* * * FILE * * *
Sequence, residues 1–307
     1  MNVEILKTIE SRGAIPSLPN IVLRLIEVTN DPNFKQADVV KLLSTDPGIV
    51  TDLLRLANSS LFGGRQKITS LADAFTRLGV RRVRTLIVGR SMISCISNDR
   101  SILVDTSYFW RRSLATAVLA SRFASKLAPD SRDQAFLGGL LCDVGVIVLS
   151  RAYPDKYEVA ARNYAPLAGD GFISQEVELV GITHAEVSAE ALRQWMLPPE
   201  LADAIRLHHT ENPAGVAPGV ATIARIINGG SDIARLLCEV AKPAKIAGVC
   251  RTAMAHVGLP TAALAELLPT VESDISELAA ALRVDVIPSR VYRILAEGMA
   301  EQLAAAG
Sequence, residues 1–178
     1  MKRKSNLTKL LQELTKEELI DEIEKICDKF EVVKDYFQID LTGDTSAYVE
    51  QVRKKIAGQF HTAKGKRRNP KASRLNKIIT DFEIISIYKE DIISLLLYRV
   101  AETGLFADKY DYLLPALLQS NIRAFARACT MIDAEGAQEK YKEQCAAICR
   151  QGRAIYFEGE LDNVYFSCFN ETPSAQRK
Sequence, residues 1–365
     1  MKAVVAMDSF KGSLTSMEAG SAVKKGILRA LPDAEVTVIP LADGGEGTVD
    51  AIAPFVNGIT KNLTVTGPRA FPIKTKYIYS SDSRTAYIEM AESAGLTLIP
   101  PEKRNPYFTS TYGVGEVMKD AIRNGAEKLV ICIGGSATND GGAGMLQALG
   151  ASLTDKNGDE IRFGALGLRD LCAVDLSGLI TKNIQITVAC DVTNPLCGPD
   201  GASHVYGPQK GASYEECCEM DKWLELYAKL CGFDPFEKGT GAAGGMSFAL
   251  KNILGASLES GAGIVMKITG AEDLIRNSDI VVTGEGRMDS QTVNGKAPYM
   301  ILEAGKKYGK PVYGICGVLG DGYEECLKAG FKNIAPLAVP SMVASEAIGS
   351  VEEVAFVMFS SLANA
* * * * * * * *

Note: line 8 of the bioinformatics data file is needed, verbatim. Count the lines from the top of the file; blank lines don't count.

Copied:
   301  EQLAAAG